Best made plans

I love it when a plan comes together.

Even better, when by some fluke, a plan formulated on the computer (such as the floor plan) actually works in real life too, as well as it suggested it would.

Moved the 4 machines around (tablesaw, 17″ bandsaw, jointer and thicknesser), and they all came together.  I did realise one thing though.  It is the end of the era for mobile bases in my workshop.

Mobile bases are really useful under the heavy machines in the shed.  Particularly when you are a sole operator, and especially when space is restricted.  A mobile base allows machines in sub-optimum position when stored to be moved out for use, then pushed away again.  I’ll still have a wheeled option for the thicknesser (it is built in), and for the tablesaw as well (when I upgrade it to the original built-in option).  The other machines though are another matter.

As I was sorting out the layout (and thank goodness for mobile bases at that point!), I found as I was finalising the locations, the bases were really restricting how well they each fitted together.  Once removed (from the bandsaw and the jointer), it was a whole different story.

I’m not against mobile bases – I have been using them successfully for years.  But I am also looking for to not needing them either.  I have more workshop room than ever, and with the layout compromised with them in place, I’m just as happy not to continue with them.  They do make a machine more unstable, and I could, if I become really confident with the layout, actually bolt the machines to the slab.  Now that is a big call.

Tempting though.  A really solid operating platform.

I may hold off on that for a while though – previous experience shows that I tweak the shed layout a dozen times a year, every year!

Cast Iron

A few more detail images of the Carbatec (Grizzly?) bandsaw

Upper Wheel

The upper and lower wheels are cast iron – very heavy and smooth-running.  Obviously some voids are cut to decrease the overall weight, but still, very substantial wheels!  There are also no balancing issues with these puppies.  If, in time I find that they do need an improvement in balance, they can be drilled to create a dynamic balance, rather than having weights clipped on.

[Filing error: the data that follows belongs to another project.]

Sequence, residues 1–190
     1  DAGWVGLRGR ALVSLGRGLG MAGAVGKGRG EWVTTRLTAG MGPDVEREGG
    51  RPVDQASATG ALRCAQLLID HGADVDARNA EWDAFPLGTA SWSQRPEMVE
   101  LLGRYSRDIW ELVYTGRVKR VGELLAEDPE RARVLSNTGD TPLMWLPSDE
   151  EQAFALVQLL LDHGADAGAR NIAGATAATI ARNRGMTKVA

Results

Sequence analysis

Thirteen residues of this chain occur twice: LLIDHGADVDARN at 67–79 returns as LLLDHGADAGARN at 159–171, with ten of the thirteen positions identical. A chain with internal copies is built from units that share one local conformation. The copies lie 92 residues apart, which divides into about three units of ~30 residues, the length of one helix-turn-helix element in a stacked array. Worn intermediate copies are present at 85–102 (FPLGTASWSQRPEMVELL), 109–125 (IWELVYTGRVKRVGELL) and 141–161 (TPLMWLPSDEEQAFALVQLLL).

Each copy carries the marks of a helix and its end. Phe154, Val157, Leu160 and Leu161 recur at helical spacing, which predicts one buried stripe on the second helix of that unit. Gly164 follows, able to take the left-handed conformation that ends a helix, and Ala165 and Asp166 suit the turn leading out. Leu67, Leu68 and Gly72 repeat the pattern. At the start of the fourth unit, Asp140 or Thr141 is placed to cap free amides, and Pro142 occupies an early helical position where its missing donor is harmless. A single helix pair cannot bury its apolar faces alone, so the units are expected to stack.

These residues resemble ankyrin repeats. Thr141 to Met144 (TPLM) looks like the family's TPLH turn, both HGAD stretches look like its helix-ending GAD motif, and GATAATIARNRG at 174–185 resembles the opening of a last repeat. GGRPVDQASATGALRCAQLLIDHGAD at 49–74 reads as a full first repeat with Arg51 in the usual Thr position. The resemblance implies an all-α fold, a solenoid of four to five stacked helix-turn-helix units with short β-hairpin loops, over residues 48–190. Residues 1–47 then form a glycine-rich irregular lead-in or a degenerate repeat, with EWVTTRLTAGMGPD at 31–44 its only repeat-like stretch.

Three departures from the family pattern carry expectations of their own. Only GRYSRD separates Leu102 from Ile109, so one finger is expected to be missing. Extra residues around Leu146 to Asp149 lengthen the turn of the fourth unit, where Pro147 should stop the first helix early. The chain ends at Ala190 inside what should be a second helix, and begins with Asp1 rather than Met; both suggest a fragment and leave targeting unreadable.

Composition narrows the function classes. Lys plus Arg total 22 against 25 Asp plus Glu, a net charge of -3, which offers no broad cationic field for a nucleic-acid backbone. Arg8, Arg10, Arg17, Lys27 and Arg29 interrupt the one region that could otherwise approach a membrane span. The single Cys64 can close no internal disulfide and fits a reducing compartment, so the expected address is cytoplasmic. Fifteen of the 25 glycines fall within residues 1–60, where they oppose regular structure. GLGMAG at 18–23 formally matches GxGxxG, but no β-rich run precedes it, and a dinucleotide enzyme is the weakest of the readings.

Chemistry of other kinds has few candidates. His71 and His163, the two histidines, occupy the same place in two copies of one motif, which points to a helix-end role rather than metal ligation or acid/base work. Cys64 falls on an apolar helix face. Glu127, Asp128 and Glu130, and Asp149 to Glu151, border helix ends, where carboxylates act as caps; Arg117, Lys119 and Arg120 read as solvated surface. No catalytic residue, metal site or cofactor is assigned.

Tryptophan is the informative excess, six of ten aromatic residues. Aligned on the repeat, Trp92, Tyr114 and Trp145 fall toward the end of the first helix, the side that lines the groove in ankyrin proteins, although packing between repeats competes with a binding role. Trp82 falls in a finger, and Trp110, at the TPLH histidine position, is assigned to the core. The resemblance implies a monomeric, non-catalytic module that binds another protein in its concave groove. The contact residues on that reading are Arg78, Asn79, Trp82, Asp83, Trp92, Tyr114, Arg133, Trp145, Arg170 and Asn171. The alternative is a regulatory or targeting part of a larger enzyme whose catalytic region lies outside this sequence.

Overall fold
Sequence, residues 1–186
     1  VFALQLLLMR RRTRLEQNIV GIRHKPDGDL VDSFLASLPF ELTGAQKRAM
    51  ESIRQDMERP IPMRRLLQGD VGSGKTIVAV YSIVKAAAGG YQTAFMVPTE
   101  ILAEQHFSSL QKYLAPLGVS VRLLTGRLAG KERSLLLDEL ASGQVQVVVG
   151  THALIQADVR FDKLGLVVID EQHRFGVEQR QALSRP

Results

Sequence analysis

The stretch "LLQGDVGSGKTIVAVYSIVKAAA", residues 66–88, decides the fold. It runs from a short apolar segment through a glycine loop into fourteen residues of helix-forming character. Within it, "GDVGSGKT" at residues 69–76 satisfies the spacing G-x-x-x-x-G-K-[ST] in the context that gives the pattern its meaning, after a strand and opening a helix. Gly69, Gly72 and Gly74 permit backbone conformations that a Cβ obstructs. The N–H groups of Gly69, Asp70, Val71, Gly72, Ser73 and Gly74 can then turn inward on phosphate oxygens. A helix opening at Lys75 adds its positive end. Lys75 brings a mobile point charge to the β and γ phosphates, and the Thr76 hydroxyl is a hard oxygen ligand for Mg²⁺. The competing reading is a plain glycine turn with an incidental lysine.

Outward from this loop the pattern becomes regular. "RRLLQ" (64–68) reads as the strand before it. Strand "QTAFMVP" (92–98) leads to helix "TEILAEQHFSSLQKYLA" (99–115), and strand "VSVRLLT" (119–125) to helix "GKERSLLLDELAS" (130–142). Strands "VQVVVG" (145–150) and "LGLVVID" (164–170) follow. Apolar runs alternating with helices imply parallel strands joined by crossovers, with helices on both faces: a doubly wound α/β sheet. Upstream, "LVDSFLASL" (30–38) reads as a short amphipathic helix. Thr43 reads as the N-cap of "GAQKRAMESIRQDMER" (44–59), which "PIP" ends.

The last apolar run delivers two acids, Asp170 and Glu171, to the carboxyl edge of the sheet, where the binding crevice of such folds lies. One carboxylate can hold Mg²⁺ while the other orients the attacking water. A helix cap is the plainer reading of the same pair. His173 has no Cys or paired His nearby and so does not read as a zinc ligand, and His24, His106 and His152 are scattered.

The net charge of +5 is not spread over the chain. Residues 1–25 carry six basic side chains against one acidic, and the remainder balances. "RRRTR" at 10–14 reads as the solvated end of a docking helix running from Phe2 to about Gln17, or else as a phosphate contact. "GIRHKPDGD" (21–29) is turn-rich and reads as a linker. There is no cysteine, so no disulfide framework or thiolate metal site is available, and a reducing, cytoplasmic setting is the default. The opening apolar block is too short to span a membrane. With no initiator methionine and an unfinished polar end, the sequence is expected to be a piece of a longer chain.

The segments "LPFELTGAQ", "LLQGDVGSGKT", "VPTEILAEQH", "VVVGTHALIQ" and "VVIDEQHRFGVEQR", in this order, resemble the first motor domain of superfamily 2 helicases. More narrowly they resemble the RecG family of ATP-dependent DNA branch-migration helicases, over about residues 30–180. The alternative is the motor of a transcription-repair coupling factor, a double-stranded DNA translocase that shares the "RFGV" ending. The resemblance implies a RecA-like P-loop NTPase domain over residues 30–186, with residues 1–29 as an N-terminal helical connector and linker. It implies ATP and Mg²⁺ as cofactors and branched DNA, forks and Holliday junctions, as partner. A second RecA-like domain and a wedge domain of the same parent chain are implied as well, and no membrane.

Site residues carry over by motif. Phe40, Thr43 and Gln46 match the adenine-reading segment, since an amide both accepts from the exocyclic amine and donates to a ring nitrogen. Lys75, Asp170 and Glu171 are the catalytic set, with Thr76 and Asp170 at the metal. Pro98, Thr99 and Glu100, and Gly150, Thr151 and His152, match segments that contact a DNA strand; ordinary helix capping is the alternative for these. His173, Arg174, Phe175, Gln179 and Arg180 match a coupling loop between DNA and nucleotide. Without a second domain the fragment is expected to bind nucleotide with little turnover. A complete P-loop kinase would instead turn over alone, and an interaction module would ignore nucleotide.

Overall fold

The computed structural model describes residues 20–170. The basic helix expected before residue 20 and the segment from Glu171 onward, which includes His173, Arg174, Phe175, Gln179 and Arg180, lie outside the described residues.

Lower (Drive) Wheel

The lower drive wheel also has the pulleys (visible) for the two speeds, although it will be rare that I bother with a speed change (if ever).  You can also see the blade and wheel brushes – one for the back of the blade (for the side that will connect with the wheel, and one for the wheel itself at the point that the blade has just ceased contact.  There are none in the upper cabinet, again as the assumption is any created dust is dealt with in the lower cabinet (unless you have something SIGNIFICANTLY wrong, and the bandsaw is running backwards!  I have seen this once – on an Elu lathe – a bit freaky, but luckily rather uncommon!)  You can just see the lower guides – the lower set has eccentrically mounted bearings for either side of the blade, then one mounted behind the blade – a normal bearing for the lower set, and un-notched (unfortunately).

Upper Guides

The upper guide set again shows the two bearings supporting either side of the blade, and you can just see the thrust bearing located above and behind.

Decisions part 2

To follow up on the recent post, and to cover what I finally went with:

The thicknesser (planer) is as mentioned the 15″ 381.  With a retail price of $1600 (minus their current offer of 10% off or a free dust extractor or something), it is more than something like the Triton 15″ (which was retailing at $1000, and can take moulding blades), but boy do you get a lot of machine for your money! It is, I am lead to believe, very very similar to the Grizzly 15″ Planer – the GO453. Other than the colour, I’d struggle to be able to tell them apart (not even sure I could).

I did buy the WDS400 in the end – there was a lot of umming and ahhring (and not it wasn’t “Speak Like a Pirate Day”), but in the end, there isn’t another machine out there that comes close in price, and it is a 16/32 drum sander (for some reason it has been metricised) (I don’t know if that is a word, but it sounds good). I did take into account the many opinions that were kindly offered – these were probably as much the cause of much of my uncertainty, and also my decision to proceed.  See, I listen to everyone, but in the end I have to make a final call, and in this case it was “suck and see”.

I also added the mortising attachment for the drill press.  I was thinking of a dedicated machine, but we’ll see how much demand there is for little investment before forking out for yet another machine that I am rapidly running out of room to house!

And finally, (and most importantly?!) I went with the Foxtel IQ2 for a DVR.  Strange decision for me perhaps, but by juggling my account requirements, I ended up getting it and actually having the overall package costing $5 less per month than what I currently pay.  And how is that related to woodworking?  Simple – this thing has quad tuners in it.  This means I can record the various woodworking shows when they come on Foxtel (or free to air (except channel 7 (currently), and not have to compromise shed time (or the other things we want to watch and/or record).  As with the other decisions, I did note and investigate the various other options.  Hard to beat getting one for nothing and saving $5/month in the process!

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